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Local Spread:

  • Posterior fossa tumors tend to grow to fill the fourth ventricle and invade the floor of the fourth ventricle down into the brain stem.
  • 30-50% of primary tumors extend into the cervical spinal canal. There is downward extension through the cisterna magna and the cervical spinal canal. Tumor growth frequently extends to the C2 level, but has been documented to extend down to C5.

Below is a MR (post gadolinium, T1 sagittal section) showing an ependymoma extending down through the foramen magnum to C2.  #1 points to this area.

Distant Spread:

  • The risk of spinal cord seeding from a posterior fossa ependymoma is about 10% or so.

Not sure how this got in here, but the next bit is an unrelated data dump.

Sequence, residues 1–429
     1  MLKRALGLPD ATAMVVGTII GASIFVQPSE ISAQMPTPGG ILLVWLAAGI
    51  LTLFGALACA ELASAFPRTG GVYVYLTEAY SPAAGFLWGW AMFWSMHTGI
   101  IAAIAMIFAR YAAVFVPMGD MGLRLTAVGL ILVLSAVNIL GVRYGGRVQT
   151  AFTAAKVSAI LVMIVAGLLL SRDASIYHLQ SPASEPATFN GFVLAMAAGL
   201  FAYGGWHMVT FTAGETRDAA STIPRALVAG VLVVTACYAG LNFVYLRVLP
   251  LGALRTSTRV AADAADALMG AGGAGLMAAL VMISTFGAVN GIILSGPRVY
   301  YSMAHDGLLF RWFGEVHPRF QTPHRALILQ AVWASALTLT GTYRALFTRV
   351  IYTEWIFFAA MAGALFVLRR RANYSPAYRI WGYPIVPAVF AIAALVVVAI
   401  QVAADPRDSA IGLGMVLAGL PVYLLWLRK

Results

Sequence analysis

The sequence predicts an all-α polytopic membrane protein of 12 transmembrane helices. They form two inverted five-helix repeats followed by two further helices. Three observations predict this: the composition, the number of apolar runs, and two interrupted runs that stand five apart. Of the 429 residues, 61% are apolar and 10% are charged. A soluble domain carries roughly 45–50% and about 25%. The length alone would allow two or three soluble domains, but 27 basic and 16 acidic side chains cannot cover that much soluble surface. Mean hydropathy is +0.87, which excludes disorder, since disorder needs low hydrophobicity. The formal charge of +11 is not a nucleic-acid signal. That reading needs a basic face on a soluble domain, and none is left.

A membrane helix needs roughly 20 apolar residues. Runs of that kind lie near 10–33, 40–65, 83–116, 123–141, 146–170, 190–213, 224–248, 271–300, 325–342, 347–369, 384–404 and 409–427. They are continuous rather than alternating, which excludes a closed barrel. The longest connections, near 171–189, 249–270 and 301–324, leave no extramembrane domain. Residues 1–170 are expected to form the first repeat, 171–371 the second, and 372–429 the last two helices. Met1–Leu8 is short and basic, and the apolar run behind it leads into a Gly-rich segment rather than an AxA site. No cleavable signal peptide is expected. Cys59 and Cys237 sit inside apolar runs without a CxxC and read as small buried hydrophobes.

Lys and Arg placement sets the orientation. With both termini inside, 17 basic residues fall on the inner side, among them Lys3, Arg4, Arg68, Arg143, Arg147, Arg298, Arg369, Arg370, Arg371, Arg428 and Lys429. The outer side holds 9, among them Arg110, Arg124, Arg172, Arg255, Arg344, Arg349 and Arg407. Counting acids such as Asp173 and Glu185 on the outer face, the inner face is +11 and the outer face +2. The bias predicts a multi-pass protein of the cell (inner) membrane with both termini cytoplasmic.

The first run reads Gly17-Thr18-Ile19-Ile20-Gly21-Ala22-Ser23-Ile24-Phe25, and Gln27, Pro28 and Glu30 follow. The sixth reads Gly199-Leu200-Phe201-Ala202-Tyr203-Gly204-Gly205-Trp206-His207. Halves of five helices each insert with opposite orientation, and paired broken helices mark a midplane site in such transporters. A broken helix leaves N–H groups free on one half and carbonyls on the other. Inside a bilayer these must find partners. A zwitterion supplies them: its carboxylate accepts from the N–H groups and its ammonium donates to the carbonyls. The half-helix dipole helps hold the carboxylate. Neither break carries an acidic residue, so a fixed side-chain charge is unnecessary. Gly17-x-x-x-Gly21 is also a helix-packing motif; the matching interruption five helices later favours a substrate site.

• Spread can occur throughout the cerebrospinal pathways.
  • Infratentorial tumors have a higher chance of seeding than supratentorial tumors.
  • The incidence of subarachnoid seeding has been found to vary with both tumor grade and tumor location:

Risk of tumor seeding:

Tumor Properties   % of Tumors with Seeding
Location Supratentorial 5%
  Posterior Fossa 10 - 15%
Grade High Grade 10 - 15%
  Low Grade 5%

MR scanning of the spinal cord and brain is the best investigation to detect craniospinal metastases.

The MR below (post gadolinium axial T1) shows a metastatic deposit (#2) from ependymoma in the right occipital horn.





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